Is that a problem from a legal standpoint?
Defamation possibly comes into play. Defamation refers to saying something untrue that lowers a person in the esteem and minds of the public. Assuming that Braun was indeed dirty in 2011, Mr. Laurenzi could take the position that Braun defamed him. I don't think we will see Mr. Laurenzi file a lawsuit. Nevertheless, there is a reasonable basis upon which to consider the merits of such a claim.
That last sentence was very lawyerly of you.
Sorry. I'll try and avoid that.
Does the 65 game suspension cover the 2011 positive drug test?
Tough to know at this point. MLB did say it commends "Ryan Braun for taking responsibility for his past actions". So maybe the reference to past actions includes 2011. According to the T.J. Quinn from ESPN's Outside The Lines, the "evidence showed Braun used [a] sophisticated doping regimen for [an] extended period" of time. That may also suggest it did include 2011. Still, though, for now it's not clear.
Could the Brewers terminate Braun's contract?
It would be tough. Very tough.
Braun is owed $122 million through 2020, with a $15 million mutual option for 2021. Punishments for PED use are governed by the collectively bargained Drug Policy. So when a player tests positive, punishments are handled by the Drug Policy. That's why the Drug Policy is there in the first place. Courts don't like it when a business has a specific policy in place dealing with a specific offence, and that business elects to ignore that specific policy and does its own thing.
That is not, however, the complete answer. The player contract at Paragraph 7(b)(1) allows a team to terminate a contract if a player "fails, refuses or neglects to conform his personal conduct to the standards of good citizenship and good sportsmanship or to keep himself in first-class physical condition or to obey the club's training rules." As well, Paragraph 7(b)(3), allows for termination if a player "fails, refuses or neglect to render his services hereunder or in any manner materially breach this contract."
This is broad language and arguably may allow a team, for example, to allege that the use of PEDs had an adverse impact on a player's health after he signed his deal, and on that basis he failed to discharge his obligations under his contract to keep himself in "first-class physical condition". That is hard to show. For example, unless a team can show a direct link between PED use and a player's injury, they will fail in their bid to terminate or fire a player.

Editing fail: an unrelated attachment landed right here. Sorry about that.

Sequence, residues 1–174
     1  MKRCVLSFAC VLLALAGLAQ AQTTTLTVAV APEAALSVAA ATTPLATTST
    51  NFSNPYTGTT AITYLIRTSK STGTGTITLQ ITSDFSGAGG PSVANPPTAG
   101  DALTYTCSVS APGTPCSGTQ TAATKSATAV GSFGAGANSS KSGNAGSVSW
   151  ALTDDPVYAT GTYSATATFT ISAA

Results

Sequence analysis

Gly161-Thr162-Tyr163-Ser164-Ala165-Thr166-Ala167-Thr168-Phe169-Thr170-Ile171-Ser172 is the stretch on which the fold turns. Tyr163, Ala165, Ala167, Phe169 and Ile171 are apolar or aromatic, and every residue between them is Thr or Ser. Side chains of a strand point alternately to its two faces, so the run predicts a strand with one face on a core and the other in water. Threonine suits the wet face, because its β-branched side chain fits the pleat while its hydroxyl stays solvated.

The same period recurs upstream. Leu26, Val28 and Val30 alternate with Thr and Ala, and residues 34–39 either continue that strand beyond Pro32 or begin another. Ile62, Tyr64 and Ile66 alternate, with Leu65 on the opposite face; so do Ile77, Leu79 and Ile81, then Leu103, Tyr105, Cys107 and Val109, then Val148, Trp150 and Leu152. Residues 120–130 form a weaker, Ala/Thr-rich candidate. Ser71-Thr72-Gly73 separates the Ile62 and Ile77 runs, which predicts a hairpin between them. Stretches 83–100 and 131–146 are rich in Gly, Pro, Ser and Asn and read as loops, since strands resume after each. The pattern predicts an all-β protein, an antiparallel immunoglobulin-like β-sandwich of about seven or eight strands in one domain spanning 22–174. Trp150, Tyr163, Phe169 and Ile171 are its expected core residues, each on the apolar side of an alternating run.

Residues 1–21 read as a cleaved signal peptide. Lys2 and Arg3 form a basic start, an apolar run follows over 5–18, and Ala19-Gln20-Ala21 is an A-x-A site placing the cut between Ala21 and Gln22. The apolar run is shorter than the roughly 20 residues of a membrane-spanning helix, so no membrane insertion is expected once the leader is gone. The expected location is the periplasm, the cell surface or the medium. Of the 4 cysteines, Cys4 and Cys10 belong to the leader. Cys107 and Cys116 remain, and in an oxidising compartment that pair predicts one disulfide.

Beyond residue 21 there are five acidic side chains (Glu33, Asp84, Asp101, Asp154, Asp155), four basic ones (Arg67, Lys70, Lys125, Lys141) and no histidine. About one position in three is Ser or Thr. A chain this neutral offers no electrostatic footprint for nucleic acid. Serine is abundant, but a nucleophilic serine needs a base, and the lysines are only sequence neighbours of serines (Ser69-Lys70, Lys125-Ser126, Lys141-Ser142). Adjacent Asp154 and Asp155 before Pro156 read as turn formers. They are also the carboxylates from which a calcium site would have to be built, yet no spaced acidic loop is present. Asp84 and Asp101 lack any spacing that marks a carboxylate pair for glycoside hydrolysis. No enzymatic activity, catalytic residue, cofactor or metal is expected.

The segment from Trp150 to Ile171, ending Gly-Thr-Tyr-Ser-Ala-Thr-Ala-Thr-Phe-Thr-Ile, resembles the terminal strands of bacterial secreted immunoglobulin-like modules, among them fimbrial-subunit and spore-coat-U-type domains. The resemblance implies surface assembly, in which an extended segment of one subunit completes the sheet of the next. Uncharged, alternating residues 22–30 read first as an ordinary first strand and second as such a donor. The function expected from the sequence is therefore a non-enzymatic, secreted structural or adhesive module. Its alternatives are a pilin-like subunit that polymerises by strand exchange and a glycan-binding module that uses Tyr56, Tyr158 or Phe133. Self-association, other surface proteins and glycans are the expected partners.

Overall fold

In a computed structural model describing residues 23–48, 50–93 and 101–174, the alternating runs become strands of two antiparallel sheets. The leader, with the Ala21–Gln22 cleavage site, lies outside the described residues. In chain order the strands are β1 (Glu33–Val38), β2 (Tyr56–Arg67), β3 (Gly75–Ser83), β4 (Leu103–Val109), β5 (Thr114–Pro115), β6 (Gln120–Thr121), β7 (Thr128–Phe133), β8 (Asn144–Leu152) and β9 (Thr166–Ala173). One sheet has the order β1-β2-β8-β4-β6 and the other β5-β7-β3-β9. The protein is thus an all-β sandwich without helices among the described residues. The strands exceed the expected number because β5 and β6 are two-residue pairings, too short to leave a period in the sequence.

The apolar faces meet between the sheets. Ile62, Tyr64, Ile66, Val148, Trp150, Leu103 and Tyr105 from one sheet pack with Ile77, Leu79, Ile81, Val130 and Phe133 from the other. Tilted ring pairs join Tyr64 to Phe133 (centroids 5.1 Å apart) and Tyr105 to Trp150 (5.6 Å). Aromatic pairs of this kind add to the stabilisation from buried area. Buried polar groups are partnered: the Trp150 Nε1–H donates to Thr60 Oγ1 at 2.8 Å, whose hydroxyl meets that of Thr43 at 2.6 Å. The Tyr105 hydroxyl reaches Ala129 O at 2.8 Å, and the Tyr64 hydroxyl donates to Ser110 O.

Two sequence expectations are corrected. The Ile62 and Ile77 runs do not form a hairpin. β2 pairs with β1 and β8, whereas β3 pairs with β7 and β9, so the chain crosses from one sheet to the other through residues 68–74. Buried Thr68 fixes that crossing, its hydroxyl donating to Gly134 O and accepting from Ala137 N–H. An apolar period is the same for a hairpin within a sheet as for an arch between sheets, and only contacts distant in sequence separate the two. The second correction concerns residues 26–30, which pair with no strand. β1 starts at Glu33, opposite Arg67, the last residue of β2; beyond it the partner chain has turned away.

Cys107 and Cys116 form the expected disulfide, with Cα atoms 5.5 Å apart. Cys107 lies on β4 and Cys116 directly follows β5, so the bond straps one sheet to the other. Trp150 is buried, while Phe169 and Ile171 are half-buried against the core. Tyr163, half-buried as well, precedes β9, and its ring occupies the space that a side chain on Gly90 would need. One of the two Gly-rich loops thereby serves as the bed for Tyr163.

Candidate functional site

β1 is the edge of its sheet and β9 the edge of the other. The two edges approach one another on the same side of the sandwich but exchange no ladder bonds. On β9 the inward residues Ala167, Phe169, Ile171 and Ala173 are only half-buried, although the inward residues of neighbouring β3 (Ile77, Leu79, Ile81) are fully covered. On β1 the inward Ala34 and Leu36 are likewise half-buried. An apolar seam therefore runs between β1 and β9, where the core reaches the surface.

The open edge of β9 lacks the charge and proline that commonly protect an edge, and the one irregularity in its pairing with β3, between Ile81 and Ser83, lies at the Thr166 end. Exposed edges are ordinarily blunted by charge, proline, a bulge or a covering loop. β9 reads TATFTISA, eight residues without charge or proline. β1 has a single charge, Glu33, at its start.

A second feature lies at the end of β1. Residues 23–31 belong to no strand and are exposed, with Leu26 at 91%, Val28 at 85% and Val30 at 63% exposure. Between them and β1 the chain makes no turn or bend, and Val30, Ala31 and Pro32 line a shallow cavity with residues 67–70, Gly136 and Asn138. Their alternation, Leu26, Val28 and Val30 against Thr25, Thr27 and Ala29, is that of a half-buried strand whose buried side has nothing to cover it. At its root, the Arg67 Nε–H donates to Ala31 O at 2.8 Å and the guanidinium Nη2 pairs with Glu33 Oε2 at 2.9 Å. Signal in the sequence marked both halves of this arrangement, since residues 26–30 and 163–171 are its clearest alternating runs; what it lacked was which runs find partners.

A team could also argue that a player misrepresented himself before he signed a big deal, and on that basis they should be allowed to terminate the contract since they were not getting the player they thought they were getting. Again, though, the Drug Policy contemplates for drug use and how it should be handled. So that's your go-to document when a player tests positive.
Fine....be that way. Could the Yankees terminate A-Rod's contract?
That would also be tough but may be worth considering. Rodriguez is 38-years-old as of July 27 and the Yankees owe him $86 million over the next 4 years (not including this season). The Yankees may believe they have better cheaper options available to them. Presumably, they would love nothing more than to rid themselves of his contract. In order to do so, they would have the very difficult task of showing that his injuries are the result of PED use. Again this is very tough to do and would likely not meet with success. However, the Yankees could look to void A-Rod's contract with the real end game being a buyout on favourable terms.
Why do lawyers charge for opening mail?
Envelopes are heavy.
Does Braun's suspension mean that all other players are also guilty?
No. Braun accepting a suspension is not some type of admission that everyone else is guilty. Each case will be examined on its merits and different players may react differently. For example, another player faced with the same evidence as Braun may elect to contest the matter. That player could attack Anthony Bosch, the founder of Biogenesis and a key source of evidence. As someone who may have engaged in criminal activity, he lacks credibility and may have assisted the league with a view to insulating himself from liability. Indeed, Bosch is flawed. There may be upwards of 20 players suspended and to conclude that all players will go quietly is premature. This may just be the tip of the PED iceberg.
Eric Macramalla is TSN's Legal Analyst and can be heard each week on TSN Radio 1050. You can follow him on Twitter @EricOnSportslaw.